There would never again be another onslaught as heavy as this, and three European offerings from the mid-1910s, all based on the Sherlock Holmes story A Study in Scarlet, offered little threat as World War I diverted attention from the Mormon problem. The war was not a big enough deterrent in the U.S., however, as anti-Mormon films reached their zenith with the 1917 A Mormon Maid. Produced by Famous Players-Lasky, the film opened on Valentine’s Day at New York’s Strand Theater. It ran sixty-five minutes on five reels and was described as the most advertised film in the history of cinema up to that time. Such a high-profile production, with a familiar plot featuring Danites and polygamous intrigues, could no longer be justified by anti-Mormon sentiment; rather, motivation now came from within the industry itself, as the film was a blatant attempt to capitalize on the success of D. W. Griffith’s The Birth of a Nation two years earlier. The connection between the two films cannot be overemphasized, particularly in the fabricated connection between the Ku Klux Klan and the Danites; one intertitle even tells us that the Danites’ hooded costume (historically nonexistent) was the direct predecessor of the KKK’s. The strategy worked, as critics lauded the film and audiences flocked to it across the nation.
The Church could not ignore such an important production, but once again it found itself at an extreme disadvantage. Eastern States Mission President Walter Monson began the resistance when the film was first announced, but neither his nor anyone else’s work did anything but heighten interest. The film became extremely popular with anti-Mormon organizations like the National Reform Association and the National Anti-Mormon League. It continued to be shown publicly and privately across the globe for at least three years and unquestionably represents the climax of the silent anti-Mormon films.36
Though perhaps nothing could match this in force or scope, other lesser productions followed. In late 1918, Fox released two films based on Zane Grey novels, Riders of the Purple Sage and its sequel The Rainbow Trail. This time Reed Smoot spearheaded the crusade, and although no results were reached in 1918, he renewed his efforts, with other prominent Latter-day Saints, over a 1921 re-release. This campaign seemed as doomed as the others until two Fox representatives approached Senator Smoot seeking his support in eliminating a 30 percent excise tax on motion pictures; the deal making evidently took all of five minutes, and the pictures’ removal was so complete that they are entirely lost today. The films were remade in 1925, 1931, and 1941 without any references to Mormonism, and in 1924 a film based on a Zane Grey novel with a positive stance on the Church, The Heritage of the Desert, also had its LDS elements excised.37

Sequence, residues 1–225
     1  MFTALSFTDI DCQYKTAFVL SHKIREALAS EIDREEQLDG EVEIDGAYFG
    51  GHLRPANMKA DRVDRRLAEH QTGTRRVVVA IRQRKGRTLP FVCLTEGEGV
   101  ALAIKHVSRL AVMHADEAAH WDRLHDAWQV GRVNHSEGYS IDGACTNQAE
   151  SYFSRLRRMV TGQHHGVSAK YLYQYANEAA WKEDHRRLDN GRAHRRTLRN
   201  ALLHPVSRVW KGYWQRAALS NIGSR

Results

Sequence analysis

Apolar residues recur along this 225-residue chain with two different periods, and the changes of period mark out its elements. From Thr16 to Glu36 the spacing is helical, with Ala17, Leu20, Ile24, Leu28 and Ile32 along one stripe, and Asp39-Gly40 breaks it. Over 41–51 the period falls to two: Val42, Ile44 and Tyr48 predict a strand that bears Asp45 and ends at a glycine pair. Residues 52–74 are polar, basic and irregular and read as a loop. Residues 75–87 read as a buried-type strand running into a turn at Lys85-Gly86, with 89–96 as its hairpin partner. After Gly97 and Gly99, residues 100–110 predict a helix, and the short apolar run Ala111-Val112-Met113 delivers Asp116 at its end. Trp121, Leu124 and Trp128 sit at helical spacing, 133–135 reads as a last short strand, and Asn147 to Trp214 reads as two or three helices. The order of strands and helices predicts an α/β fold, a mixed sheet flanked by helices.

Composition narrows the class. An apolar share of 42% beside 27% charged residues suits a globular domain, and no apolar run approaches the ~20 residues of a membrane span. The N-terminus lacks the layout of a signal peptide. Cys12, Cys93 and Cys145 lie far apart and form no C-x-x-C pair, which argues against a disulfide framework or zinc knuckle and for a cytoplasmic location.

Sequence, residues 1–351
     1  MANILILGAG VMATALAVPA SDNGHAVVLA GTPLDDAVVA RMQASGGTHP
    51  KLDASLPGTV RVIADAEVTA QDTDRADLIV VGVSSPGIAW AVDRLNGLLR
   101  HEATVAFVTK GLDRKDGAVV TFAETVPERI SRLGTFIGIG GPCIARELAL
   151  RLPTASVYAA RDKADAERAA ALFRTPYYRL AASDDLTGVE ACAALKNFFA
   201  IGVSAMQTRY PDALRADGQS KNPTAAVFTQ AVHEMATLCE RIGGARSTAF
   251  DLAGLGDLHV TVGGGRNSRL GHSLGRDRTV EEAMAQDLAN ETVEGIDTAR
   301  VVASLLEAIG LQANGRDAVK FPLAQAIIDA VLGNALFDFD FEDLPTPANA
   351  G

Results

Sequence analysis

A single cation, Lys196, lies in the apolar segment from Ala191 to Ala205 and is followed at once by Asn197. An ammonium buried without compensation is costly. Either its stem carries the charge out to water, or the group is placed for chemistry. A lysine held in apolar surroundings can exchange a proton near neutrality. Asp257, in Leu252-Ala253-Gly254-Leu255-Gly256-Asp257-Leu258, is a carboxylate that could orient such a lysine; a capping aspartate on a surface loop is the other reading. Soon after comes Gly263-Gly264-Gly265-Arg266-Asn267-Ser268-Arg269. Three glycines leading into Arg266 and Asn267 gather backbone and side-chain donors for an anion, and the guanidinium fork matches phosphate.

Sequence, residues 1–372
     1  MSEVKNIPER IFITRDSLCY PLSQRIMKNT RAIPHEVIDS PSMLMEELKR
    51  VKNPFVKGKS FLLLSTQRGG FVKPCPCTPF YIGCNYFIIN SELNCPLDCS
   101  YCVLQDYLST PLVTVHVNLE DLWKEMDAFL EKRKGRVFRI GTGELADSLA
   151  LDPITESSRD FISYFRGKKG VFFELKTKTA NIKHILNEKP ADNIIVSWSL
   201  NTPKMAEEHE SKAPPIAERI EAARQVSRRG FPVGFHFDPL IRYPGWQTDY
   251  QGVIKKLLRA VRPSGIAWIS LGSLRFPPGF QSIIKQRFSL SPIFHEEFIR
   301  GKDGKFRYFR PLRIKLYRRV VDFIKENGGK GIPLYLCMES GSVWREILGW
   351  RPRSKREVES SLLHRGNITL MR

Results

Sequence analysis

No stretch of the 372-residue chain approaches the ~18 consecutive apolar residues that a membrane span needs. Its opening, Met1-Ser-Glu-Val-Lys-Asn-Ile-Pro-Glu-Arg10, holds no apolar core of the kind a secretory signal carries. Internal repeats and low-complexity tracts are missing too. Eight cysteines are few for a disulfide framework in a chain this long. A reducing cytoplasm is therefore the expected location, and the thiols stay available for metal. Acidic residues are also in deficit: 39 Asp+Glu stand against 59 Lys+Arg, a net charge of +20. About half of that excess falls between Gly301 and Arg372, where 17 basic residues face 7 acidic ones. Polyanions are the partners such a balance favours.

It is unlikely that producers now saw the Church as having political muscle. The disappearance of the American anti-Mormon film was most likely due to the subject’s loss of sensationalism, and negative references to Mormonism virtually disappeared from the screen. The anti-Mormon film would be given one last gasp in Europe, however, where Mormonism once more became a hot topic after the postwar return of American missionaries. In 1920 Germany released its only known anti-Mormon film, The Mormon Uncle (Der Mormonenonkel), of which virtually nothing else is known. Far better documented are two English films, Trapped by the Mormons and Married to a Mormon, released in March and April 1922 as part of Winifred Graham’s last desperate campaign against the Church. Both films came from the fledgling Master Films studio at Teddington, both featured lecherous missionaries defeated by monogamous heroes, and both were written by Frank Miller and produced and directed by H. B. Parkinson.
Trapped by the Mormons is often treated as the most important and damaging of the anti-Mormon films, though both descriptions better fit A Mormon Maid. Contemporary missionary reports, in fact, show that the film’s effect was primarily positive. Elder G. Osmond Hyde wrote home from Hull that it “was the best stroke of advertising that we have put forth since coming over here. In three evenings we let more people know that we are here than we could have done in three months at ordinary tracting from door to door.”38 Similar reports came from various regions. In Australia, for instance, future Church leader Marion G. Romney saw Trapped, happily distributing tracts afterward. But in North America, Church leaders were less willing to rely on goodwill. Attempts to suppress the films in Canada in 1924 failed, but Senator Smoot was again successful in blocking their initial release in the United States. Though Trapped by the Mormons was re-released in England in 1928 as The Mormon Peril, it apparently never saw an American screen.39